One of the founders of modern philosophy Socrates. was a character that has had a profound effect on humanity, best known for his indefatigable desire to question everything. The Socratic Method as it is now known involved ‘cooperative argumentative dialogue,’ asking question after question until his students suitably stimulated in diverse thought, came to their own personal understandings. He never wrote anything down, but luckily his famed student Plato did or we would have been deprived of some of mankind’s most thought provoking statements…
“Beware the barrenness of a busy life.”
In modern day terms get that work life balance in better harmony!
“He is richest who is content with the least, for contentment is the wealth of nature.”
Or learn to appreciate and be happy with what you’ve got in life rather than yearning for too much.
In Norse mythology the book The Poetic Edda includes a copy of a sacred text called the Hovamol. A long single poem that some believe to be attributed to the Norse god Odin or at least that these words were his thoughts projected into man so he may write it. It contains a number of stanzas filled with wisdom, these two are from The Ballad of the High One.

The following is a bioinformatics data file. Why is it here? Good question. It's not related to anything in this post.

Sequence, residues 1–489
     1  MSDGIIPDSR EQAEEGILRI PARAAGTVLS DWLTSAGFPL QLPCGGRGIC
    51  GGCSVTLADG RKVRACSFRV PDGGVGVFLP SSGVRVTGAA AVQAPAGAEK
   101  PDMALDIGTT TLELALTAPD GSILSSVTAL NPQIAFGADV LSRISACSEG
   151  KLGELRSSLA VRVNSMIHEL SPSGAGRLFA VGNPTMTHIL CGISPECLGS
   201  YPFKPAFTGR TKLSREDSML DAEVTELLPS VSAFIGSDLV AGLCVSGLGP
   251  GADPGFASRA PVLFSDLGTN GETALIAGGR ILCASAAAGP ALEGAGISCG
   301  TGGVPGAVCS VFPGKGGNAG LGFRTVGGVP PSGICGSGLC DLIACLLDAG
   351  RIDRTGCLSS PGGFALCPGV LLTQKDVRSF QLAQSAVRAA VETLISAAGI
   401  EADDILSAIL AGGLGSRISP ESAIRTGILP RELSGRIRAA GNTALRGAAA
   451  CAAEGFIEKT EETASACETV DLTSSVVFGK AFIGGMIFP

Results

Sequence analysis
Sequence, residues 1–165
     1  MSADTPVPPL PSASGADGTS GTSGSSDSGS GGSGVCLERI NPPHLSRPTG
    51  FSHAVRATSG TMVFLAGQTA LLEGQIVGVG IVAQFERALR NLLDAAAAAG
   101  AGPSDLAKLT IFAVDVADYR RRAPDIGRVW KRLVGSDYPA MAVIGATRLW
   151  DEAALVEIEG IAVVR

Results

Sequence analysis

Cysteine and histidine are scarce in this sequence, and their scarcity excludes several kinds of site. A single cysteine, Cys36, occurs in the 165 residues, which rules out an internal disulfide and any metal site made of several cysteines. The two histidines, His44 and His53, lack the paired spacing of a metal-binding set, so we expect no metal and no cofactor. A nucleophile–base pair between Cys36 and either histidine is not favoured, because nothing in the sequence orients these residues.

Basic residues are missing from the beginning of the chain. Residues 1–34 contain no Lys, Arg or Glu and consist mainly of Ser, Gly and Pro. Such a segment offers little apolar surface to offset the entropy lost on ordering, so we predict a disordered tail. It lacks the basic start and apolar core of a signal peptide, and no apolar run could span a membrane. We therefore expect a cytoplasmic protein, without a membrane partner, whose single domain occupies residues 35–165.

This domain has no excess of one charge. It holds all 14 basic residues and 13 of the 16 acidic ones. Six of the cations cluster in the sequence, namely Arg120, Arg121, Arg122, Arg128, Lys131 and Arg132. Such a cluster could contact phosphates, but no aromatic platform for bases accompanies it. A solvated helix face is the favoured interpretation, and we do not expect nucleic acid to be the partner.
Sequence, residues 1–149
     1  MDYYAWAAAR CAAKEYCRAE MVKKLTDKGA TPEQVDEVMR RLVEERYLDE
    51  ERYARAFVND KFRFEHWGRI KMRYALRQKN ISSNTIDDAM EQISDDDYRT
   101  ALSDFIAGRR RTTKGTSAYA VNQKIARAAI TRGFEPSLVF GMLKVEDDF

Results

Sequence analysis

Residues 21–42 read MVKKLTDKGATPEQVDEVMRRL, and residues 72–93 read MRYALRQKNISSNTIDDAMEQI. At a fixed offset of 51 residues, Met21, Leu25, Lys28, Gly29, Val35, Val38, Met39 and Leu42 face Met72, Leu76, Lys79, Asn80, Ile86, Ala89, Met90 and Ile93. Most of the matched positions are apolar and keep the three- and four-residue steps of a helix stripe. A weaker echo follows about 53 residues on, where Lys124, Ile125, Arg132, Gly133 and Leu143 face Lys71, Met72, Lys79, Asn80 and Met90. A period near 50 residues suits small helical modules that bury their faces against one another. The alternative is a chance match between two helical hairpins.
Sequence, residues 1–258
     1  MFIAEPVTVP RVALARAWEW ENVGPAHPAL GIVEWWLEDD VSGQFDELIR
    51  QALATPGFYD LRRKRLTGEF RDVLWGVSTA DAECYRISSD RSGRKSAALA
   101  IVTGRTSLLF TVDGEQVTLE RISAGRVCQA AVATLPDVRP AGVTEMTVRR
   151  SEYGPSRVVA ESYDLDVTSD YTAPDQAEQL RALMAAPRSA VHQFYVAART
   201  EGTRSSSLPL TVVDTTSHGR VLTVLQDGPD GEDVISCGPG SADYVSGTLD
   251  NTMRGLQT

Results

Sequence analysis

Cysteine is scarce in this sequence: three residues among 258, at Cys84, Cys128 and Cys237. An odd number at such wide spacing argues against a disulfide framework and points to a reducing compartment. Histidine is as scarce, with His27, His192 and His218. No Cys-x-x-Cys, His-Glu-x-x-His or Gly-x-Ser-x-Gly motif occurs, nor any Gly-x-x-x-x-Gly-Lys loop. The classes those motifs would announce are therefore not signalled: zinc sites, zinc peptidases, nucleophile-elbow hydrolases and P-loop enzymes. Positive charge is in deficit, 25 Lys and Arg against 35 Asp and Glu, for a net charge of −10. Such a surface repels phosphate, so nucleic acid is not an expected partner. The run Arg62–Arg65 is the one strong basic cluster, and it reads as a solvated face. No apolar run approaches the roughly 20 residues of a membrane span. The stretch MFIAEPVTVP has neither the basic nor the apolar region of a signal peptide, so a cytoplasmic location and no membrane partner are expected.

A better burden may no man bear
For wanderings wide than wisdom;
It is better than wealth on unknown ways,
And in grief a refuge it gives.
The words are telling us wisdom is the most precious possession we can take with us on our life’s journey. Even giving us solace in the darkest moments.
The witless man is awake all night
Thinking of many things;
Care-worn he is when the morning comes,
And his woe is just as it was.
Or in other words obsessively worrying about things gets you nowhere.
Moving into more modern day thinking American Writer Prentice Mulford was one of the founders of the New Thought movement in the American 1800s. He coined a phrase that many of you will be familiar with, ‘the law of attraction.’ His book Thoughts Are Things is essentially the guide to the belief system.
In his book Your Forces and How To Use Them – The complete six volume collection, Prentice writes …
“Whatever the mind is set upon, or whatever it keeps most in view, that it is bringing to it, and the continual thought or imagining must at last take form and shape in the world of seen and tangible things.”